tools.open_channel_with_funding(token_address, bob, amount)
  2. (optional) Bob can deposit to the channel. He must have some tokens in order to deposit. Alice represents your address.

    raiden.api.deposit(token_address, alice, amount)
  3. Make a transfer(s). Feel free to make as many as you want, and in both directions.

    Alice -> Bob

    raiden.api.transfer(token_address, 73, bob)
    raiden.api.transfer(token_address, 42, bob)

    optional: Bob -> Alice

    raiden.api.transfer(token_address, 50, alice)
  4. Check the state of the channel. This will give you an excellent overview of the channel, where you can see funding, balances, etc.

    tools.channel_stats_for(token_address, bob, pretty=True)
  5. Once you're satisfied with the amount of transfers you've carried out, you can close the channel

    raiden.api.close(token_address, bob)
  6. In order for the channel to pay out, it must be settled. This can be done ten blocks after the channel has been closed. This timeout exists so that nodes can provide more up to date transfers if a partner node tries to cheat.

    raiden.api.settle(token_address, bob)
  7. You will now see that your balance of the token has changed or check that Bob's balance changed. [3]


Further Experiments

You've now performed your first Raiden transfer. Congratulations! Albeit a pretty boring direct transfer. Raiden really gets interesting when doing mediated transfers. This is possible with node channels in the system that form a connected graph. An example of this could be if Alice had a channel with Bob, and Bob had a channel with Charlie. Both channels handle the same token. Alice could then create a transfer to Charlie without having an open channel to Charlie. This is possible since the transfer is mediated through Bob, which both, Alice and Charlie, have a channel with.

Feel free to play around, create more transfers, etc., but be advised that this version of the smart contract does not allow you to open a channel with the same partner and asset after it's been closed.



At this point, there is no battle tested NAT-punching mechanism implemented. That means that you need to open up and forward a port for your raiden node manually. The forwarding should point to your listen_address which is your computers LAN-IP and the port 40001 per default.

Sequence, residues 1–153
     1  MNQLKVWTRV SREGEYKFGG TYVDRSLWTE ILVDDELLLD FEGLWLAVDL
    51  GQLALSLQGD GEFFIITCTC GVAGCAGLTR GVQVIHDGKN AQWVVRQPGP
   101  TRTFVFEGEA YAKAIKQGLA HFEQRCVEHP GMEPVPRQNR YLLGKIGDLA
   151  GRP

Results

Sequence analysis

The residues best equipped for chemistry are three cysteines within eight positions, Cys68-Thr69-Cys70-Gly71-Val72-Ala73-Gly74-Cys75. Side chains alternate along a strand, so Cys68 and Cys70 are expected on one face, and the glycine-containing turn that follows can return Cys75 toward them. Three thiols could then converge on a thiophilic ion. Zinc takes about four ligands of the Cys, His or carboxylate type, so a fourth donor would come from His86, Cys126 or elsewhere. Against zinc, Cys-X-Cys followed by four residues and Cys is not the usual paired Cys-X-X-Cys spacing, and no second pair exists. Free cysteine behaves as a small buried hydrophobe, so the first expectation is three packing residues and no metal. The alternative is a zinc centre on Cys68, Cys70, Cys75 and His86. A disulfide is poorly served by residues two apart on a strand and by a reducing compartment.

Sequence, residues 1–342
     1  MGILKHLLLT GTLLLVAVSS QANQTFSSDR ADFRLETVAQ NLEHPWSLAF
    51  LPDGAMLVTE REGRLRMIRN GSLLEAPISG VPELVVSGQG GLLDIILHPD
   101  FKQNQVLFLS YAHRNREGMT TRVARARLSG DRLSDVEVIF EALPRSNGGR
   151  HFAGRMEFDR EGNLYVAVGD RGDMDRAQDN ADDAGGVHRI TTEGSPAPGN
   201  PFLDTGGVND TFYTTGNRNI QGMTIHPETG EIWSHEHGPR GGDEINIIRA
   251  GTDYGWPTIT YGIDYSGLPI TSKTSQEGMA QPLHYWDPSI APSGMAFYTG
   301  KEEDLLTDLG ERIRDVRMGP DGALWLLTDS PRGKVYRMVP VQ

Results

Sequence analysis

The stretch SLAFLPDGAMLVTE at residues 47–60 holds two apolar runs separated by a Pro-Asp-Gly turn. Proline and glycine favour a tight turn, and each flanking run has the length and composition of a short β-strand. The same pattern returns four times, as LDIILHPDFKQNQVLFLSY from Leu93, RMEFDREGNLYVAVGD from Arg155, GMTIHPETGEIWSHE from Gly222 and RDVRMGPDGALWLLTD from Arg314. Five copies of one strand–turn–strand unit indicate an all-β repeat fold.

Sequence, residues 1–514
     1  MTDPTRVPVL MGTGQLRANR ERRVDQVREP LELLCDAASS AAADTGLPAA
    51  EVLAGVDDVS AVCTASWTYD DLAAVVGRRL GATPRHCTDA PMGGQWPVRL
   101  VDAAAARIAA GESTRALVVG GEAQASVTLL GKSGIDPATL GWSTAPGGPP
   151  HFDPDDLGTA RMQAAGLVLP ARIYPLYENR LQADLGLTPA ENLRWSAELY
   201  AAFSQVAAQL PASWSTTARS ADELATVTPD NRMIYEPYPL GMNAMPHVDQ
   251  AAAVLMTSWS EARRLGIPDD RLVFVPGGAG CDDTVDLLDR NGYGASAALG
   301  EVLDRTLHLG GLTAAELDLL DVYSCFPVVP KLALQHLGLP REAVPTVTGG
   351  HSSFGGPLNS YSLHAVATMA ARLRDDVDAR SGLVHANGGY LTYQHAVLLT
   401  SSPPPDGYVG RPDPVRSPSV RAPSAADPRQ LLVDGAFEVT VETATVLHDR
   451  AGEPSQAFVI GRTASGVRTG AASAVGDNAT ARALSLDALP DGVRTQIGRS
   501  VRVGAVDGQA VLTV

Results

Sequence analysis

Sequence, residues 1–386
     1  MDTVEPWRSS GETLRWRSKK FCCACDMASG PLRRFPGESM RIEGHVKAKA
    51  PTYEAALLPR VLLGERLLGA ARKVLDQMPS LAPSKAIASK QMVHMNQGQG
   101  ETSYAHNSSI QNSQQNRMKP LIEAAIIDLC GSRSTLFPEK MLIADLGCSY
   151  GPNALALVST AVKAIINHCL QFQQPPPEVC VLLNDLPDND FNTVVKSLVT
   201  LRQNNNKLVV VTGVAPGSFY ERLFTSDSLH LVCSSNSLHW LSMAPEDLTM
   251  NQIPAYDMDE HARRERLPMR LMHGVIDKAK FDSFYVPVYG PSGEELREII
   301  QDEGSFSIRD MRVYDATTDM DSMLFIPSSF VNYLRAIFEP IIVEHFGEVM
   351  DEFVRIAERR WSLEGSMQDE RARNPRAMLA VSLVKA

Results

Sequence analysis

However, there is an experimental UPnP NAT-port mapper. If you don't have access to your router, and you're lucky, you can use these steps to request a NAT port mapping via UPnP and update the discovery manually, once you are in the Raiden console:

# install requirement
%sx pip install miniupnpc
from import nat
external_ip, external_port = nat.open_port(40001)  # the portnumber from `--listen-address`
# if this doesn't throw an error:
print external_ip, external_port  # see if this looks reasonable
# now update the discovery contract:
discovery.register(raiden.address.encode('hex'), external_ip, external_port)

Now ask your peer to<your raiden address>).


external-listen-address should point to your public IP address and the external port you forwarded. A quick way to get your public IP-address is the command:


If you don't know how to retrieve your private key here's one way to do it:

# ipython
In [1]: import json

In [2]: from pyethapp.accounts import Account

In [3]: with open('<path/to/keystore/and/keyfile>') as f:
    keyfile = json.load(f)

In [4]: account = Account(keyfile)

In [5]: account.unlock('yourpassword')

In [6]: account._privkey.encode('hex')
Out[6]: '0123........abcdef'  # your privatekey, paste this on the `raiden` prompt when asked for 'Privatekey'

There is the tool object in the raiden client, that helps you to mint a new token for yourself and your peers: tools.create_token? will show you the parameters for token creation. E.g.:

token_address = tools.create_token(initial_alloc=1000, name="mytoken", symbol="MT", decimals=2)
asset = raiden.chain.asset(token_address.decode('hex'))
asset.proxy.transfer(bob, 100)